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Chronic Pelvic Pain

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Note: This article cannot explore in depth all the various causes of chronic pelvic pain. It will deal briefly with the more common causes and those most relevant to arachnoiditis patients.

The term ?Chronic Pelvic Pain' is generally used with reference to women; however, men may also experience pelvic pain (though obviously the gynaecological causes are irrelevant): arising from the gut, a hernia, or from the spine.

?Perineal pain': in the saddle or crotch area and often affecting the rectum and/or genitals may be quite persistently troublesome for patients with arachnoiditis, regardless of their gender.

However, in the broad clinical context of this article, distinction will not be specified in the following information:

Causes of pelvic pain:   

Chronic pelvic pain may arise from a variety of different causes.

These may broadly be divided as follows:

  • Urinary tract causes:
    • A. Infection(UTI);
    • B. Interstitial Cystitis: an inflammatory condition of the bladder. A special cystoscopy test of the hyperinflated bladder is necessary as the normally distended bladder will not show the small abnormalities in the lining.
  • Gastrointestinal causes:
    • A. Irritable Bowel Syndrome (IBS) associated with abnormal bowel habit (diarrhoea or constipation or fluctuating between the two;
    • B. Inflammatory Bowel Disease : Crohn's/Ulcerative Colitis; these conditions will be associated with abnormal bowel habit, usually diarrhoea, often with blood in the stool. Crohn's can affect any part of the gastrointestinal tract (mouth to anus) whereas UC tends to only affect the large bowel. Both are autoimmune conditions.
    • C. Hernia: abdominal or inguinal (groin): women should be examined standing to check for this as lying down, the hernia may not be apparent.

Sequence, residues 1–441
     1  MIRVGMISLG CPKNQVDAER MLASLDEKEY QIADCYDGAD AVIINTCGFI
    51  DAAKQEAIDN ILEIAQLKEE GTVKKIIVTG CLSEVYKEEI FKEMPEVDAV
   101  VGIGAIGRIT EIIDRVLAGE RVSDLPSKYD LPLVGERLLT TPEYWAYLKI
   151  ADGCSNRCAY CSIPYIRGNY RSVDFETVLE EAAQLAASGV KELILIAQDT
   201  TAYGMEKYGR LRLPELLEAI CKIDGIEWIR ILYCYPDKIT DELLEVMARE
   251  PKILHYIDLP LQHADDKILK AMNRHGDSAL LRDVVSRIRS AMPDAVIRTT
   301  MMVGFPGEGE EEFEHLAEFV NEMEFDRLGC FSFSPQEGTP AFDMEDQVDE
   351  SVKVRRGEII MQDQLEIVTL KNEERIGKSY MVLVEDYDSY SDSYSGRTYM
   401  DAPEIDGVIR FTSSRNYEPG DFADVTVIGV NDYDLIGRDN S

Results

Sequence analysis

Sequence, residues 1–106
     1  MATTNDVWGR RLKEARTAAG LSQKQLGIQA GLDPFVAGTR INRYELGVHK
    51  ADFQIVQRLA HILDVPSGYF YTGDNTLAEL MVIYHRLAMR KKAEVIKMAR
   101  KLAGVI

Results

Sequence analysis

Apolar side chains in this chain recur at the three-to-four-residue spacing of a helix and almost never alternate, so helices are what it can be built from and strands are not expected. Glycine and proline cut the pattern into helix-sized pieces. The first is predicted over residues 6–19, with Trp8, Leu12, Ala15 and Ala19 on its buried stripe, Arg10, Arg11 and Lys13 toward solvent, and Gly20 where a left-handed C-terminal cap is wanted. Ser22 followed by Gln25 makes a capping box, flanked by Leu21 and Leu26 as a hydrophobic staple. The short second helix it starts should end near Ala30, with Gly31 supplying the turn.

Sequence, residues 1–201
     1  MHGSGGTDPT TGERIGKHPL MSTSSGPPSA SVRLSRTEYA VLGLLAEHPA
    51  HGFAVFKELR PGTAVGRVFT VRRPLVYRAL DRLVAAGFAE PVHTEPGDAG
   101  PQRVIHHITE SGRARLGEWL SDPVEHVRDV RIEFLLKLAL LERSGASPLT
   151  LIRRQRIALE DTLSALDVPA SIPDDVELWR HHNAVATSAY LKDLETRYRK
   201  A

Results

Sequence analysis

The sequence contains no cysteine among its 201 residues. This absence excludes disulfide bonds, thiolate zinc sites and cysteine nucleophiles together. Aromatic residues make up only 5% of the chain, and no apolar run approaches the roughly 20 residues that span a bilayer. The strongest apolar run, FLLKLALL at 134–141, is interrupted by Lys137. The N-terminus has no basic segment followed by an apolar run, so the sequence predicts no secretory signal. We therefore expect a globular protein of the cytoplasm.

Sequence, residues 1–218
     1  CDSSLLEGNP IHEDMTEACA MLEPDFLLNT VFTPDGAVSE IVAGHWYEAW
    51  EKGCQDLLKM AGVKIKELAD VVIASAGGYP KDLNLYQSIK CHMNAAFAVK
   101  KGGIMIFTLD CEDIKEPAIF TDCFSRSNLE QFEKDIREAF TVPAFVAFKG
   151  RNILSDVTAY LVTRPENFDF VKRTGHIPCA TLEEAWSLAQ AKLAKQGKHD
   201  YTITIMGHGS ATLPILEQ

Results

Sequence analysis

• Gynaecological causes: Chronic pelvic pain accounts for some 10% of outpatient gynaecology referrals in the United States and around 20% of laparoscopy procedures.
    • A. Endometriosis(abnormal deposits of the lining of the womb in areas outside the womb, in various sites in the pelvis and/or abdominal cavity, leading to internal bleeding (low grade) inflammation as a response and subsequent scarring (fibrosis);
    • B. Chronic Pelvic Inflammatory Disease( inflammation often after an acute infection, becoming chronic and resulting in scar tissue which causes
    • C. adhesions (which ?glue' pelvic/abdominal organs to each other, damaging their structure and function);
    • D. Mittleschmertz ( benign pain during ovulation);
    • E. Ovarian Remnant Syndrome(after total hysterectomy, part of ovary may remain);
    • F. Ovarian cysts;
    • G. Pelvic congestion Syndrome;
    • H. Cyclic pelvic/uterine pain varies with the menstrual cycle: includes painful menstruation (dysmenorrhoea) and may be associated with heavy menstrual bleeding (menorrhagia);
    • I. Uterine fibroids: non-malignant growths in the wall of the womb. May also be associated with painful and/or heavy periods, abdominal discomfort, low back pain.
  • Neurological causes: not a widely recognised association, but may well be more common than previously reported. Lumbosacral problems may present atypically with pelvic pain, which may be construed as gynaecological in origin or even psychogenic (psychosomatic).
    • Failure to find a gynaecological cause should lead to a suspicion of spinal/neurological abnormality before assumption of psychosomatic origin. Meralgia parasthetica: associated with tingling/pain in the outer part of the thigh down to the knee; may be present in pregnancy, obesity or be due to trauma.
  • Musculoskeletal causes: may be cited; these may be related to abdominal wall trigger points, which could respond to local anaesthetic injection or to appropriate physical therapies such as massage or myofascial release.
  • Musculoskeletal problems often arise secondary to arachnoiditis. Especially common is Fibromyalgia, which is frequently associated with chronic pelvic pain.
  • Trigger points may be present in several areas of the body and a generalised abnormality of pain processing causes hyperalgesia ( amplified pain perception)